Dr. Diana Rogers-Adkinson Interview

Dr. Diana Rogers-Adkinson
Dean of College of Education
drogersadkinson@semo.edu
573.651.2408
Office: SC301

Could you please tell us about your philosophy of leadership and how that applies to the position of dean of college?

To me, a leader has to be able to do two things: 1-help created a short vision for organization groups to be able to know the work that we need to do. But the leadership has to come through mentoring the people that work with you. I strongly believe my role it is to help those that work with me. My department chair, my directors and my coordinators. I need to know what their goals are. And if I understand their goals that help them achieve their path or they were all happy to work with helps and we are on to be a better leaders together. I don’t like having to lead from the Top down that to lead, so we all bringing all the information together. Our strategic plan in the college was built by the faculty who can came to us and it’s my job to implement it. So it’s really shared model where hopefully we are working on our goals professionally. Be the successful teacher, successful scholars, and successful mentors to our students. We put all fulfill the mission of the institution together.


How do your background and experiences strengthen this academic department?

Before being a Dean, I was a department chair and I did for that for six years. And before that I was a program coordinator, before that faculty. I am so kind of through ranks slowly. But I started leading when I was an undergraduate. So, I mean I was a president of the honorary. You know took on leadership from beginning. So, I think more than you take on those opportunities the more you take bigger opportunities. I have had experience where I had extra training, the institution I worked before sent to Harvard to the mentoring development program for Higher Ed. So, getting to go those kind of experiences to help me to learn how to be a better leader. I think it helped, I mean be ready for this role.


Can you recall a time when a person's cultural background affected your approach to a work situation? Tell me a time that you adapted your style in order to work effectively with those who were different from you.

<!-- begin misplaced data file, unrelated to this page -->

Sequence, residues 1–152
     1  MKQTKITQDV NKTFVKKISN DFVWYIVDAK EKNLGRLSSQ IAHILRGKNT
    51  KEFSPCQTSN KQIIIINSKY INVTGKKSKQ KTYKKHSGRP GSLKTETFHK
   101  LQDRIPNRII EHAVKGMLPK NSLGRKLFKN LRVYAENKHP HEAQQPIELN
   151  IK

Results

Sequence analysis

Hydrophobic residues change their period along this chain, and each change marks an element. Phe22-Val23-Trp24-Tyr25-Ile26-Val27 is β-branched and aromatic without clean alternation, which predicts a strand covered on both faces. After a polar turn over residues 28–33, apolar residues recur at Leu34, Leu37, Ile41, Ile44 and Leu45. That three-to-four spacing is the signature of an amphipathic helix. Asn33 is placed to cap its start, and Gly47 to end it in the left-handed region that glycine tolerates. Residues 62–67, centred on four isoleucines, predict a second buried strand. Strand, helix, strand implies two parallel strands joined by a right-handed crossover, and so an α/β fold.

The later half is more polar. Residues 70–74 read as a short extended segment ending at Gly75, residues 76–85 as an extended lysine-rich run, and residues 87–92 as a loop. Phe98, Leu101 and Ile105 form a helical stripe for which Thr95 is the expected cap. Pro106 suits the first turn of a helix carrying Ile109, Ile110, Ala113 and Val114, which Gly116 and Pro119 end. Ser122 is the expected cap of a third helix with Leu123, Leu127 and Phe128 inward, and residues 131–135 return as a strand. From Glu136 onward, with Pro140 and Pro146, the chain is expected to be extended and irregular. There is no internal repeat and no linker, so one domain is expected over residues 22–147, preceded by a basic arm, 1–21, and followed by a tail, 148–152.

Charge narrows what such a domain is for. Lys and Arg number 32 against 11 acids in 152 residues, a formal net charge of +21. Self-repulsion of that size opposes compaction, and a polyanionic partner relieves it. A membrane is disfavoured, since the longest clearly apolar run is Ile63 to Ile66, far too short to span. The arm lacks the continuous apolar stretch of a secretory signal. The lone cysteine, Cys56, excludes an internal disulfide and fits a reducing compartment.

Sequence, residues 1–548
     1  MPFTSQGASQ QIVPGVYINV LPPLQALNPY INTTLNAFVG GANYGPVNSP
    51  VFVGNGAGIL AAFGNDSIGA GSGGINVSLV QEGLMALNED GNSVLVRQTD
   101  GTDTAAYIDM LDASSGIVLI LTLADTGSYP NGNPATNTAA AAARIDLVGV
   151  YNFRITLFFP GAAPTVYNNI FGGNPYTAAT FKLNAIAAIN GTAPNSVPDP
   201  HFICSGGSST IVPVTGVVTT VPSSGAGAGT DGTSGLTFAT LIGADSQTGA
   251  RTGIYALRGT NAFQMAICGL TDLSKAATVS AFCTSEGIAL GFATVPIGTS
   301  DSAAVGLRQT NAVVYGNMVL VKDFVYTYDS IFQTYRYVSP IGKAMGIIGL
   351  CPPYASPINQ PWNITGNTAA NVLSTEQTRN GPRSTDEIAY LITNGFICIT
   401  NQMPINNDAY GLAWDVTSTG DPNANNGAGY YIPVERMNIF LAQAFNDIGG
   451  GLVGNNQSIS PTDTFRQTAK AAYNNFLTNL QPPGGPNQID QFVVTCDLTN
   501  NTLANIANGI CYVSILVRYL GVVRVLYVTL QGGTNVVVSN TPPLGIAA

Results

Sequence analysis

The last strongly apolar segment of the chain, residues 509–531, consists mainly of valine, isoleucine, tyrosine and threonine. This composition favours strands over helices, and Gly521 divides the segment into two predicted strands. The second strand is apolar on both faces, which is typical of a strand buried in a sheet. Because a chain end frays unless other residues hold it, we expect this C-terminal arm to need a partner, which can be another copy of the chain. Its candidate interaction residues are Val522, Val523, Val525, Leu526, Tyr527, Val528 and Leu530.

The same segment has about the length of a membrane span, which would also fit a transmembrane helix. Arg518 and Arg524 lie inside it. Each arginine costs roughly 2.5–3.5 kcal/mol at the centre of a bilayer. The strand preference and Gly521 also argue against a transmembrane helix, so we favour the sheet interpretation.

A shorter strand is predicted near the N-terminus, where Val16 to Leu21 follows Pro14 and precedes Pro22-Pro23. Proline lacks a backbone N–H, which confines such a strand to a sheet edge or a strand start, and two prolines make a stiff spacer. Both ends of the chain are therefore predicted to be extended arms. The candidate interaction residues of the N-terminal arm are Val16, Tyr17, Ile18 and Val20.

That happens all the time here. I’ll give an example of something we are doing right now. Under-represented groups tend not to want to become a teacher. So, we have very few cultural minorities or LGBTQ. The students that are feel out that feel be safe to become an educator because of some social stigmas that still current exists in our society. So when I need to make sure I am hiring the people represent in the diversity of our country and make sure those people can model to the students how the role everybody in society. Right now we starting a new program called home’s honors which is for minority or students with a disability that want to become to an educator to help mentor them in to the profession. A lot of students especially African American in or country have a very bad school experience and they encouraging somebody go becoming a part of an assistant may didn’t treat them equitably. It’s hard, so if we are going to do that we need to mentor them, so that’s something we are starting new that we are having the first meeting tonight that’s helping us approach how do we support people want to be in a teaching profession they don’t normally become a part of it. But, I mean diversity in college of education, we charged with teaching to all the children not just majority children, so we need to make sure we are always think about that in our college.